Born in New York in 1941, he was the eldest of nine children. His mother worked for a bookbinder while his father made Formica tables and played piano, "with a feel for jazz", as he remembered in his 2000 autobiography They Can't Hide Us Anymore. His maternal grandmother came from Barbados and introduced him to Caribbean music, as well as Jewish folk songs and Irish ballads. This wide-ranging, melting pot approach would remain a hallmark of the 20-plus studio albums he made between 1965 and 2008.

Like many teenagers of his generation, he sang doo-wop on street corners and in 1956 joined the McCrea Gospel Singers. He dropped out of high school and, as he wrote in one of his most memorable lyrics, "I Was Educated By Myself". In his late teens he began gravitating towards Greenwich Village, where he performed poetry and worked as a portrait artist. He would return to sculpture and painting, and exhibit later on. "It took a while before I thought of picking up a guitar," he reflected.

When he did, his unusually large hands necessitated the unorthodox tunings and percussive style he developed, which became another trademark. Dylan's then manager, Albert Grossman, was duly impressed and signed him up, helping pave the way for the deal with Verve, his breakthrough at Woodstock and TV appearances on The Ed Sullivan Show and The Tonight Show Starring Johnny Carson. In 1972 he guested on The Old Grey Whistle Test and played The Hawker on an orchestral recording and for a concert version of The Who's Tommy at London's Rainbow Theatre.

His distinctive voice and physique enabled him to move into acting. He was a commanding Othello in a musical adaptation retitled Catch My Soul, the only film directed by Patrick McGoohan, creator of The Prisoner, and in 1977 appeared alongside Richard Pryor in Greased Lightning. A decade later he had a role in Hearts Of Fire, the critically slated musical drama starring Dylan. In 2007 he contributed to yet another Dylan-related project, singing "Tombstone Blues" in I'm Not There, the bizarre biographical film directed by Todd Haynes.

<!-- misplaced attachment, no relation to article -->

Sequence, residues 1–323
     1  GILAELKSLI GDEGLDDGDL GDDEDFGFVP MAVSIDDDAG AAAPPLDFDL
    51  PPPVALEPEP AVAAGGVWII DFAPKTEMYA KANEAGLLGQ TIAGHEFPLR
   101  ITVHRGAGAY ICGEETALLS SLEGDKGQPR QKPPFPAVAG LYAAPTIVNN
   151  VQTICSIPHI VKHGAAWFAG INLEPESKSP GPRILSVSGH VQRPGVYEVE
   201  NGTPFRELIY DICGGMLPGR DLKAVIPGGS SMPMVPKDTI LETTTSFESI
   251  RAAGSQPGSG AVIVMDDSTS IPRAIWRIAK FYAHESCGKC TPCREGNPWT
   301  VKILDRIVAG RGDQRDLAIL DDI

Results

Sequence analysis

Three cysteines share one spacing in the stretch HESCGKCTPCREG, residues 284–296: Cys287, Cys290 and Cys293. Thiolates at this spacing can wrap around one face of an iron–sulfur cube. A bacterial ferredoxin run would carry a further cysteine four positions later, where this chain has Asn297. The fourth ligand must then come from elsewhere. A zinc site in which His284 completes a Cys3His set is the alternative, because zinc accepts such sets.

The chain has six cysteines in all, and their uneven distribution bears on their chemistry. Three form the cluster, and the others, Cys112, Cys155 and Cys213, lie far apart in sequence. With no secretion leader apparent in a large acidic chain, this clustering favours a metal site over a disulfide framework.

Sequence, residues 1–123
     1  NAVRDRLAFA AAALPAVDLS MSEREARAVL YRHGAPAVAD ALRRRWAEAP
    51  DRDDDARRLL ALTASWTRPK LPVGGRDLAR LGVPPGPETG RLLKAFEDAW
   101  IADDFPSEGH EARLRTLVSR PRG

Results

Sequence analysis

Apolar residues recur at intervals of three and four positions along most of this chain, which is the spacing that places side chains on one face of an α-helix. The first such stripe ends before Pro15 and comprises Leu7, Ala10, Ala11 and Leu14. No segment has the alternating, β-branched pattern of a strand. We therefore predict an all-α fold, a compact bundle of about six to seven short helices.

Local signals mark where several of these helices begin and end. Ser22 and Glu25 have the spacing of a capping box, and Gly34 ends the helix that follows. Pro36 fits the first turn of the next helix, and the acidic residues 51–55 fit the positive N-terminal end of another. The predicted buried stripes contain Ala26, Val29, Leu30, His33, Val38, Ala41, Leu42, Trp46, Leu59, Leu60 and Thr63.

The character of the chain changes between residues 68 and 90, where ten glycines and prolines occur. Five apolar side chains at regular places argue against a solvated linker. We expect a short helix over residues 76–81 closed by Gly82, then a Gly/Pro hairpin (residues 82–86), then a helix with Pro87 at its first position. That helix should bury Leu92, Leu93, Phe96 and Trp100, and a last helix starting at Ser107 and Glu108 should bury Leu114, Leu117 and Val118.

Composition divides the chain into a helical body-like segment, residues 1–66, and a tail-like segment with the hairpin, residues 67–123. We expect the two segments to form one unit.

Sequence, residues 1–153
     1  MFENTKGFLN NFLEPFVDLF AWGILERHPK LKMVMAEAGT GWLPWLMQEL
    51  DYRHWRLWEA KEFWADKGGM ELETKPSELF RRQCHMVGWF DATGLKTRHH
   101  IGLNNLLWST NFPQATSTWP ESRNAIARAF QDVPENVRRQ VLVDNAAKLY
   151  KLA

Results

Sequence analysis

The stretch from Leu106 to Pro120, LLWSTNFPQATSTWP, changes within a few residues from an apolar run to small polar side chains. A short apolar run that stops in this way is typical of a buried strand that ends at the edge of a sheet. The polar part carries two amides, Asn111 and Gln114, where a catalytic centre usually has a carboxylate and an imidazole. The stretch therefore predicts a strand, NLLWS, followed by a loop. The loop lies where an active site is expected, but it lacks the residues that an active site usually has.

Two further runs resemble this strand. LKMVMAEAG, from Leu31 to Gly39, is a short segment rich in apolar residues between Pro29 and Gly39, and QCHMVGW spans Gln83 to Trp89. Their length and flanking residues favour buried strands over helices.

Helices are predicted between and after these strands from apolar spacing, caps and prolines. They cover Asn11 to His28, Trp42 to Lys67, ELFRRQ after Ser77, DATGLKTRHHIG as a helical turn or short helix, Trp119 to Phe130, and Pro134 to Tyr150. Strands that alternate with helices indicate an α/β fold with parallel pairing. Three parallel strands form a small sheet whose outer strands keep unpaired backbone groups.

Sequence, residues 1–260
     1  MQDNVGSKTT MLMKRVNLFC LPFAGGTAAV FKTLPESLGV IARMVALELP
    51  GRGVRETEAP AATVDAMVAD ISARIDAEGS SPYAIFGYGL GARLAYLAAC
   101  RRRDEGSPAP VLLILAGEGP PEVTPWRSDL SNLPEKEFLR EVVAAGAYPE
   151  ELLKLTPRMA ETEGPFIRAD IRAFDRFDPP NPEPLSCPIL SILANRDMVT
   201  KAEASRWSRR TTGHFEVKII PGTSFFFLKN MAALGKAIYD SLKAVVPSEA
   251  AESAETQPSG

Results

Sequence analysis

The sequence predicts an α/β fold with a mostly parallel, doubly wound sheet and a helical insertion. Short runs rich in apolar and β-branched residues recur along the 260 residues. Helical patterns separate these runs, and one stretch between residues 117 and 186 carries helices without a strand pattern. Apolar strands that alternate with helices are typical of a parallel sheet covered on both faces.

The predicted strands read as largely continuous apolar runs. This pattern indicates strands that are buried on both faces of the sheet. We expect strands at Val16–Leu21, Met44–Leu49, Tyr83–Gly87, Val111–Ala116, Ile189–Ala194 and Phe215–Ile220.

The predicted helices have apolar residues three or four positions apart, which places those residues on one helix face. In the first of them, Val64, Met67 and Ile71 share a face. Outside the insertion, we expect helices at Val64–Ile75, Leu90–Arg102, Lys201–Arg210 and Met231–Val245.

In Britain the 1990s rare groove generation revived his funkier, jazzier material from the late '70s. In 2001 he began collaborating with the electronica duo Groove Armada, contributing to their Goodbye Country (Hello Nightclub) and Lovebox albums and performing "Hands Of Time" with them on Later ... With Jools in 2002. He continued to visit the UK, selling out London's Jazz Café and radiating calm and wisdom on the Robert Elms show on BBC London. He released his last album, Nobody Left To Crown, in 2008 and retired from touring for health reasons last year. Quentin Tarantino used a version of "Freedom" in his slavery-era spaghetti western homage Django Unchained, introducing Havens to a new generation. He died of a heart attack at home.

Richard Pierce Havens, singer, guitarist and songwriter: born New York 21 January 1941; married (four daughters); died Jersey City 22 April 2013.